A while back I got some little sample skeins of yarn with my pre-ordered copy of A Stitch in Time Vol. 2. I think it’s about time to review them!
This is Excelana 4-ply, a reproduction ‘vintage’ yarn brand owned by Susan Crawford, which complements the many, many reproduced vintage knitting patterns she has under her belt.
It is 100% British wool, spun from the fleece of the Exmoor Blueface, which is a cross between the Exmoor Horn and the Bluefaced Leicester. It’s extremely soft and light for pure wool and it has a slightly silky sheen to boot. The long fibres make it smooth and also very tough; almost impossible to break with bare hands. If I didn’t know better I would assume some fancier fibres had been mixed in. Also, it smells pleasingly sheepy!
I knitted it up on the recommended 3mm needles. Excelana behaved itself very well during the knitting. It sticks to itself like most pure wools, but it’s smoothness makes it flow off the fingers nicely. Having recently done a whole lot of knitting with Shetland wool, I quickly noticed how warm Excelana is by comparison. The resulting fabric is quite plump at a gauge of 28st/36rws per 4in. A pretty versatile thickness; something for both spring and autumn and indoor winterwear.
Here’s the swatch before and after blocking. Quite a difference isn’t it? That ‘before’ picture was the flattest I could get it to lie!
Washing it actually changed the feel of fabric quite a lot. The wool bloomed and didn’t form a ‘halo’ so much as a ‘protective mesh’. I suppose this is down to the long fibres again. The fabric stayed soft, but took on a faintly steely quality. As you can see the washing also did nothing to reduce the silky sheen or the crisp stitch definition.
Now I like to put my yarns through a stress test as well and this is where Excelana showed it’s more interesting qualities. You can stretch this stuff to hell and back! I hung 400g (a full jumper’s worth of wool) off the square overnight and it snapped back to it’s original gauge with a quick shake. I’ve distorted it every whichway and have nothing to show for it.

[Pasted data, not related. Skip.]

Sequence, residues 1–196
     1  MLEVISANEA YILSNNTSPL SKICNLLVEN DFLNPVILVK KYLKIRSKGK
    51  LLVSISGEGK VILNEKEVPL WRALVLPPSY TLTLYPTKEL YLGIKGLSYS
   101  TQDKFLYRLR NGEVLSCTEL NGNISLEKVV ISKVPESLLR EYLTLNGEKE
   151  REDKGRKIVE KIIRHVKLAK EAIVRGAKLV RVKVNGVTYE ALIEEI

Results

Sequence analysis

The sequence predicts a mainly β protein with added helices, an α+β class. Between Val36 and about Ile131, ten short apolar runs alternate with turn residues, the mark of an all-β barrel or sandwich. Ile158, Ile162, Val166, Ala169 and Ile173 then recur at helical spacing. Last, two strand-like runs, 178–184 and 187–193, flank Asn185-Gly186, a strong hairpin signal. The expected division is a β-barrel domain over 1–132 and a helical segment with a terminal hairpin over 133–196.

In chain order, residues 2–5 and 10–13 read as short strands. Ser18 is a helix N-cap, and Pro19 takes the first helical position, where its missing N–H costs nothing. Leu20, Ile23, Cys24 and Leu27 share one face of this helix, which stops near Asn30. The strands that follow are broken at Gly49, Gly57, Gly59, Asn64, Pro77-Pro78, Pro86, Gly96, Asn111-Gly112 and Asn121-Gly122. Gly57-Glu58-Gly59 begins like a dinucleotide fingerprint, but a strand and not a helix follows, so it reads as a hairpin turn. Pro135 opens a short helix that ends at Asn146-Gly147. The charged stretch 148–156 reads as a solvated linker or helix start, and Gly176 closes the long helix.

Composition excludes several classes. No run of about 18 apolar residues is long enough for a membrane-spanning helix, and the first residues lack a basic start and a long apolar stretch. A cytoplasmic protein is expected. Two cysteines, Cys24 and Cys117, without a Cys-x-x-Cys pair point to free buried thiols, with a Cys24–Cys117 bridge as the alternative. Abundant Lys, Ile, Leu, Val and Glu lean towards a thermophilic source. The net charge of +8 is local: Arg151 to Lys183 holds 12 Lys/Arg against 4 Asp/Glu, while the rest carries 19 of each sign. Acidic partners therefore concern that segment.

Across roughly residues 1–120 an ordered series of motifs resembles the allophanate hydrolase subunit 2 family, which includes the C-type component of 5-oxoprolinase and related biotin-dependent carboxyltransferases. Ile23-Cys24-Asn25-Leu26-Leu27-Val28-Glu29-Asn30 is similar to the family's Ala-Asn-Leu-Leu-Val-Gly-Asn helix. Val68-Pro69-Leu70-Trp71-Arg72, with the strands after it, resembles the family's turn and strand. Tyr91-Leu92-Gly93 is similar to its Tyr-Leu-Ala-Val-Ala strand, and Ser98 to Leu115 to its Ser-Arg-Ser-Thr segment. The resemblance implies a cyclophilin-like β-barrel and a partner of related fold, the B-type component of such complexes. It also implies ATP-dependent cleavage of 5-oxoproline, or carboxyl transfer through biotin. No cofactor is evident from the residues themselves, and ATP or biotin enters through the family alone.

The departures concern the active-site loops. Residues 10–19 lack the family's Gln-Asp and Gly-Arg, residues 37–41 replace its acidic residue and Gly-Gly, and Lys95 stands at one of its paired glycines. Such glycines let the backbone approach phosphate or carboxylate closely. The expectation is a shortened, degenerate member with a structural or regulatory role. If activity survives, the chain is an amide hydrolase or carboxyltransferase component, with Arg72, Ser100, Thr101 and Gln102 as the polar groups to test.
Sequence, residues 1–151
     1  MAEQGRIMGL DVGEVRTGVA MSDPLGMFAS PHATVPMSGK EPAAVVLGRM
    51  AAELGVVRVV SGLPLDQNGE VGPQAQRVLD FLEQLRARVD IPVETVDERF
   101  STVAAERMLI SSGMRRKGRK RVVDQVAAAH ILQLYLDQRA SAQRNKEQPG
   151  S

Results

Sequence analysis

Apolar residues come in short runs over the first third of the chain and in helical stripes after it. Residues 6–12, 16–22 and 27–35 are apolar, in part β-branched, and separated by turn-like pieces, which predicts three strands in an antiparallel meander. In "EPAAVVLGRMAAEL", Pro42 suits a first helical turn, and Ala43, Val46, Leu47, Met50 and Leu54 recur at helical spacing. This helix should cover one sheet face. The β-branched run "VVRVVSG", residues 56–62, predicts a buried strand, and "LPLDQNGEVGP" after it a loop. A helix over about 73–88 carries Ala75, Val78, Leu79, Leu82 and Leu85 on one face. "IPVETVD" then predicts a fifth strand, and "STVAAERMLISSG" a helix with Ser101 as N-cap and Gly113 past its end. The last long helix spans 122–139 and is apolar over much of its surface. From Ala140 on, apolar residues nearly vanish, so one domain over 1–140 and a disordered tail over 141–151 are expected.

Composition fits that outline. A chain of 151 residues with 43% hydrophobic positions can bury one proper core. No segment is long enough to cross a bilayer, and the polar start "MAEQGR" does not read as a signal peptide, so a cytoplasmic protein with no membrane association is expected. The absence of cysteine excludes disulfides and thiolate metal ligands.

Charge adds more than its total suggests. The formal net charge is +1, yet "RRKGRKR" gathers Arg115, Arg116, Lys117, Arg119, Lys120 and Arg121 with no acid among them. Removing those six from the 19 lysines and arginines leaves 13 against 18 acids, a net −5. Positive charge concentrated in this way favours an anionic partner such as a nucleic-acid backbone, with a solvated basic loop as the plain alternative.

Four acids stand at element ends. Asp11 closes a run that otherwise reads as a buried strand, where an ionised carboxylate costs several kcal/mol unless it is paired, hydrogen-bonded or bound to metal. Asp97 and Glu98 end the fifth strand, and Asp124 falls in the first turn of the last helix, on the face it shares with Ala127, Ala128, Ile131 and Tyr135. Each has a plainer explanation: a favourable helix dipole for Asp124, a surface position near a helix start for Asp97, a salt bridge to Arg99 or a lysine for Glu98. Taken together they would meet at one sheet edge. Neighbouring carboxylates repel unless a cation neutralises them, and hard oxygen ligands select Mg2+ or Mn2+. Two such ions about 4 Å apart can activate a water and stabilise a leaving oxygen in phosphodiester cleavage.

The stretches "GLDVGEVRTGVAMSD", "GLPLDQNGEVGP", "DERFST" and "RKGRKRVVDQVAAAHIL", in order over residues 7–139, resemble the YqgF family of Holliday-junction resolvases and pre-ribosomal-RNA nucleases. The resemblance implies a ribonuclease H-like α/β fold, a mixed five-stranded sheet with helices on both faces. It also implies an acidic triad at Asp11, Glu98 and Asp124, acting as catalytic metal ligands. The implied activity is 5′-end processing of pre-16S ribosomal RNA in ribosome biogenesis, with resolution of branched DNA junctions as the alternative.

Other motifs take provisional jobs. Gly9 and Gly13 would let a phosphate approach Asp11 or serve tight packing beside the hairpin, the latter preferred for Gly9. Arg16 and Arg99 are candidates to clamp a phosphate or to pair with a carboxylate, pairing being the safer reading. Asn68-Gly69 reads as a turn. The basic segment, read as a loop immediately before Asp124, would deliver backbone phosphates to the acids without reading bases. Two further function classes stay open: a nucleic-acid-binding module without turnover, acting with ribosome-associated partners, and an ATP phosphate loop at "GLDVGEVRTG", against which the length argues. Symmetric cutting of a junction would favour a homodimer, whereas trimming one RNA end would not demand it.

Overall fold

The stretchiness is part of what makes it ‘vintage’. Most older patterns rely on negative ease to shape jumpers – think the clingy sweaters of the 50s – so of course you would need a wool that holds it’s shape.
I tested for pilling as well. Excelana does not pill easily, but the surface fuzz did start to roll up after a judicious application of friction. The stitches themselves however, remained untouched. So, nothing you couldn’t fix with a razor.
Excelana, in conclusion, is soft and delicate with an iron constitution. As well as vintage jumpers I think this would be great for winter gloves. I’m quite certain anything you made with it would last and last, in the true spirit of bygone days when that’s what clothes were supposed to do.
I should note here that I also own some Excelana in ‘Ruby Red’; the dyeing process produces a slightly harsher wool. It’s still perfectly nice mind you, but the difference is there.
Of course, I got two samples in the post so look out for the second yarn review soon!